Varieties of Wine
There are countless varieties of wine in the world. Different
varietals, blends, fortified wines, still wines and sparkling wines; dry
wines and sweet wines. This section offers a concise overview of the
varieties you're most likely to encounter.
As the name implies, dessert wines are a tasty way to end a meal. Sauternes,
Tokajs and ice wines are among the favorites you'll enjoy.
Port & Sherry
The old saw "any port in a storm" just doesn't work anymore. Here you'll learn
about the different ports and a little about Sherry as well.
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Think pink when you think Rosé wines. Crisp, light and refreshing, rosé wines
are wonderful for picnics and other outdoor occasions.
Sparkling wine, Champagne, Cava, Spumante... Everyone loves bubbly, the
world's celebration wine.
From hearty Burgundies to playful Oregon Pinot Noirs, you'll want to get at least
passingly familiar with red wine basics -- there's so much to know.
There's plenty to learn about white wine as well. There's a lot more to it that
just "white goes with fish."
Terms to Remember
The word "varieties" is used, as the title of this volume, very loosely. It shouldn't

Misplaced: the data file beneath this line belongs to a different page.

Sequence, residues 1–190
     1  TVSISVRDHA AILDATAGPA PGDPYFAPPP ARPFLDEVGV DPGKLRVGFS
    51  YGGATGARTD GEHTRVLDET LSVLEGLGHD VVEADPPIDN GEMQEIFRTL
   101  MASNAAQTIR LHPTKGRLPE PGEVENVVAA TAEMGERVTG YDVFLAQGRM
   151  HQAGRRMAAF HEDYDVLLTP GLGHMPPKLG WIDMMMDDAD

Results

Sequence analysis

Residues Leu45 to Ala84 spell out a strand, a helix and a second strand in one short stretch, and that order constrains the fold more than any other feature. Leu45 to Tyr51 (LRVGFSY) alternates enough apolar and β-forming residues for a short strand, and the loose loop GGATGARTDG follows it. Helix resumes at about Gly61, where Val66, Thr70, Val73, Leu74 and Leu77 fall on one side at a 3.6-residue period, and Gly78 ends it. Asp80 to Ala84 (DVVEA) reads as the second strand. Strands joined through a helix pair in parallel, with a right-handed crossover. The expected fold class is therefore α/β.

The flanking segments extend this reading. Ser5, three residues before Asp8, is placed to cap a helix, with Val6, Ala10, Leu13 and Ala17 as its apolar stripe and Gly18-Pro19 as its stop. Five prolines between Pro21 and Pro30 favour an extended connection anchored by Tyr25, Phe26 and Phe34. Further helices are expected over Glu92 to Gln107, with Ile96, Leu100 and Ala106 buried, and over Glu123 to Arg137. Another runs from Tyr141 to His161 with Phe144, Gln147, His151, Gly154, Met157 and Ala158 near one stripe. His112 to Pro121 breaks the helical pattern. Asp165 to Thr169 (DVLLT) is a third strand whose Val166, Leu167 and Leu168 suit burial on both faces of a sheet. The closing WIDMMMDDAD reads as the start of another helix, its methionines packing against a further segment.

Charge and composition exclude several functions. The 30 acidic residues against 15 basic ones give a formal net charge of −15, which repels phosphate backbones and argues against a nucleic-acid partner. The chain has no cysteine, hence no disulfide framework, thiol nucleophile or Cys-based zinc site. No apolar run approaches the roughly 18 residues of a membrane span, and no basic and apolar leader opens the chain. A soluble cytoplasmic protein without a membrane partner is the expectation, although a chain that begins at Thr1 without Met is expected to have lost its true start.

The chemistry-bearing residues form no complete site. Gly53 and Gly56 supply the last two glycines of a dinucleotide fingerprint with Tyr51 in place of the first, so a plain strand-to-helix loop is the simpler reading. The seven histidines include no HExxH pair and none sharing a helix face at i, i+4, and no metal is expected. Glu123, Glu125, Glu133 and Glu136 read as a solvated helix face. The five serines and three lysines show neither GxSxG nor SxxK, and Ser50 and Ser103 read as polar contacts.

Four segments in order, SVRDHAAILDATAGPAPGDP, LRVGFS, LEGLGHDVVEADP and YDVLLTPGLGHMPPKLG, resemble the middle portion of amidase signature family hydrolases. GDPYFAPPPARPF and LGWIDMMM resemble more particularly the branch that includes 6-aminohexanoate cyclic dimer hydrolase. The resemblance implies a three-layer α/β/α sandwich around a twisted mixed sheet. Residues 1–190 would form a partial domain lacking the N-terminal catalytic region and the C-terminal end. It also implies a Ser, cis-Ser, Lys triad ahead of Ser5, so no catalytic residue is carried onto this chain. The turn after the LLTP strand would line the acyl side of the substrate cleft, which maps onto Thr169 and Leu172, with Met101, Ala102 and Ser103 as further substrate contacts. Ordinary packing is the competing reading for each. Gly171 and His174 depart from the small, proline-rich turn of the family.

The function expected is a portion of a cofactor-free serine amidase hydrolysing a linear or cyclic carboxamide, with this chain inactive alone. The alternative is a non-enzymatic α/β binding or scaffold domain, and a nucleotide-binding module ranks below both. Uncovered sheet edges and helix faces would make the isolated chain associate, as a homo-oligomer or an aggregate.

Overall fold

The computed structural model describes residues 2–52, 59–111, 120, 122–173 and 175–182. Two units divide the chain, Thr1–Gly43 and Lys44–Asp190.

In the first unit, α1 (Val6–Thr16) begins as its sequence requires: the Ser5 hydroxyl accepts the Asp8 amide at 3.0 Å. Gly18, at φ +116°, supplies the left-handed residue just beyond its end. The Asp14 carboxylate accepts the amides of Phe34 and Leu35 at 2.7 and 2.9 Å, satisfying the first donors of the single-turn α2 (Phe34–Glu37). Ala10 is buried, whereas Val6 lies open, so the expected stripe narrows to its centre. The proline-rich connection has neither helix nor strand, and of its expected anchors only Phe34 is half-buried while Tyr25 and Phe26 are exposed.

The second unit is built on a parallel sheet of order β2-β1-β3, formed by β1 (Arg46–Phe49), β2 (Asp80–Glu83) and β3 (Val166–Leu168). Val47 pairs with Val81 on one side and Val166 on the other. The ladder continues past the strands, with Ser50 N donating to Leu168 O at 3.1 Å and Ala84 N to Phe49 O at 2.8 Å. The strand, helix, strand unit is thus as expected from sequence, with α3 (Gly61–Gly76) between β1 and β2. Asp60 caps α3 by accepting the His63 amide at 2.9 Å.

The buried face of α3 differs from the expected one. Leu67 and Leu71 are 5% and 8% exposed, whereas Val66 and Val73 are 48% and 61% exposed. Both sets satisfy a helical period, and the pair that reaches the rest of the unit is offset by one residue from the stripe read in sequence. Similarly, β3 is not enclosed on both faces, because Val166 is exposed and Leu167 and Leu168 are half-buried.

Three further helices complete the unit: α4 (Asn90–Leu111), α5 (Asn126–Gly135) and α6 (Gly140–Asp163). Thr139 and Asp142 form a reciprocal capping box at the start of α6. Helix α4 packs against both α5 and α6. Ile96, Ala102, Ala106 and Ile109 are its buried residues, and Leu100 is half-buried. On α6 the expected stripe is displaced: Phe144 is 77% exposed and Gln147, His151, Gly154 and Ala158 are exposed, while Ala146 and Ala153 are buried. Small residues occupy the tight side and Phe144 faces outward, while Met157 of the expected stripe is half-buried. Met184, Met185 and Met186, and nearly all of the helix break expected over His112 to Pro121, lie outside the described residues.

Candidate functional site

be confused with the technical wine term "varietal" (see below), nor with "grape
variety," which is a specific type of grape There are three basic designations for
specific types of wine to keep in mind:
A geographical term that identifies where the grapes for a wine are grown. The
rules that govern appellations vary from country to country. Bordeaux is an
example of a French wine appellation. Wine designated according to
appellation may be produced from blends of different grapes or sold as
A wine made from more than one variety of grape, or which all the grapes used
are blended more or less in balance. In fact, many wines sold as varietals,
particularly those from the U.S., actually have small amounts of other types of
grapes in them (see below).
A wine made from a single, named grape variety. For example "Chardonnay" is
a grape variety that may either be blended with other grapes to make a wine or
it can made into a wine by itself. If Chardonnay grapes are made into a wine
unblended, or with only small amounts of other grape varieties, and sold under
the name "Chardonnay," then it is a termed a varietal.
To complicate matters further, different countries have different rules regarding
what percentage of the wine must come from the named grape variety before it
can be called a "varietal." In the U.S., the Bureau of Alcohol Tobacco and
Firearms insists on 75 percent (51 percent for Concord and other native
American varieties, for some reason). But the State of Oregon says it's got to
be 95 percent. Germany meanwhile, demands 100 percent, and France
doesn't really care, because most of their wines are blended, anyway. They're
much more concerned with Appellation (see above), believing location and
growing conditions a more important factor than variety.
Wine knowledge for the wine novice
For a complete list
of tasting and other
terms, see the